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Easing Facilities' Transition to GHS Label Compliance
June 28, 2016 - Paints & Coatings
By Del Williams
Maintenance and engineering managers who organize paints and coatings projects at their institutional and commercial facilities must now ask if their chemical labels are Globally Harmonized System (GHS) compliant — and if not, be prepared to document for OSHA their good faith efforts to become so, and include an expected timeline for reaching compliance.
The industry will also need to determine how to integrate such compliance with the American Coatings Association's (ACA) Hazardous Materials Identification System (HMIS).
GHS was established by the United Nations to create a unified system for identifying and communicating hazardous chemicals. In the U.S., OSHA set a June 2015 deadline for chemical manufacturers to use GHS compliant labels, followed by a December 2015 deadline for distributors, and a June 2016 deadline for end users.
Paints and coatings formulators must re-classify any products containing hazardous chemicals based on a common chemical classification system defined by GHS. They must update their safety data sheets and use GHS-compliant labels to identify their hazardous chemicals.
Paints and coatings importers and distributors must ensure that any products with hazardous chemicals have GHS-compliant safety data sheets and GHS-compliant labels.
Employers with any paints or coatings containing hazardous chemicals in the workplace must ensure they have safety data sheets and labels for their exposed workers, and train them to handle the chemicals properly.
On each GHS label, six specific items of data are required:
product name or identifier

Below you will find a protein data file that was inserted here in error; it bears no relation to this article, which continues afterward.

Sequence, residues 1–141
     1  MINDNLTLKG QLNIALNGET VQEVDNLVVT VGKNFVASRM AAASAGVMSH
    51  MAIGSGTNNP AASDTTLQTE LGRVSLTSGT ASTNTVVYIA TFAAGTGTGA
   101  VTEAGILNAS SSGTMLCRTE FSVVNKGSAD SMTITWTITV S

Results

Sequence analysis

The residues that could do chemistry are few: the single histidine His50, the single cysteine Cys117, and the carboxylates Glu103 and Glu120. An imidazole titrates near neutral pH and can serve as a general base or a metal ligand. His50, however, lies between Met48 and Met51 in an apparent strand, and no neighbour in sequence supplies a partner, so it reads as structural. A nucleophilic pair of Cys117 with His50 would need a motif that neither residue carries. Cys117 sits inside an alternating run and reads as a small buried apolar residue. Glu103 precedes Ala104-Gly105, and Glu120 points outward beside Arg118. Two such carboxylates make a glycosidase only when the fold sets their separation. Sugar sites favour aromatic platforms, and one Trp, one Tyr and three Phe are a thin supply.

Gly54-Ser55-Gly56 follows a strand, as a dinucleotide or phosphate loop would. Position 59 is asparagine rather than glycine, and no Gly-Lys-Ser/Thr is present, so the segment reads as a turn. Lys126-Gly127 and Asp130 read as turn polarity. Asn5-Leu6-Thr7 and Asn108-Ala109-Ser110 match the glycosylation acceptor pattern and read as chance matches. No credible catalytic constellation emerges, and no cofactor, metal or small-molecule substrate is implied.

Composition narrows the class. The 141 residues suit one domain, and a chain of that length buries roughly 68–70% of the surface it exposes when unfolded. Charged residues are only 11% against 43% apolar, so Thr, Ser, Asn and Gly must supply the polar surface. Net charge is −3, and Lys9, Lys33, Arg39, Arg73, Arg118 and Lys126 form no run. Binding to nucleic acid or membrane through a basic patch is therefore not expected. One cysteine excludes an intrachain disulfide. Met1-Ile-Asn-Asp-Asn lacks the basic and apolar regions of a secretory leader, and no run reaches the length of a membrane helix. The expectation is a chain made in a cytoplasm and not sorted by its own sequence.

GHS pictogram symbols
Instead of the familiar black and white pictogram symbols previously used in safety labeling, environmental health and safety (EHS) managers must realize that GHS labels now require pictogram symbols that convey hazard information with a red diamond border.
For those currently using HMIS labels for in-plant containers, related written documentation, and training, the question is how to achieve GHS compliance and integrate it with HMIS, which has been a paint and coatings industry standard for decades. Though differences exist in the two systems, such as opposite numbering for the level of hazard, OSHA allows employers to use HMIS in the workplace as long as it is consistent with GHS (HCS 2012) and workers are properly trained for GHS.
Implementing GHS labeling can seem daunting, particularly to small- and medium-sized businesses. While large organizations can hire integrators to automate GHS software with a bank of printers tied into high-end ERP infrastructure, small and medium sized businesses do not require this approach.
Instead of investing in costly dedicated printer/label/software systems, small- to medium-sized companies are easing the transition to GHS label compliance. More are turning to flexible, lower cost options, such as industrial-grade labels from Avery, that allow printing durable GHS, HMIS, or hybrid labels on demand with existing laser printers and certain inkjet printers.
As such, Avery designed its UltraDuty GHS Chemical Labels to meet the most rigorous GHS requirements. The durable synthetic labels are chemical resistant, tear resistant, abrasion resistant, and constructed with a marine-grade adhesive that is waterproof and passes a 90-day seawater submersion adhesion test. Unlike typical labels, which crack and harden in harsh conditions, they are UV resistant with more than two years of outdoor UV life. They are also temperature resistant, can be applied as low as 10 degrees and used as high as 220 degrees in the field when printed from color laser printers or 300 degrees when printed from inkjet drum label printers.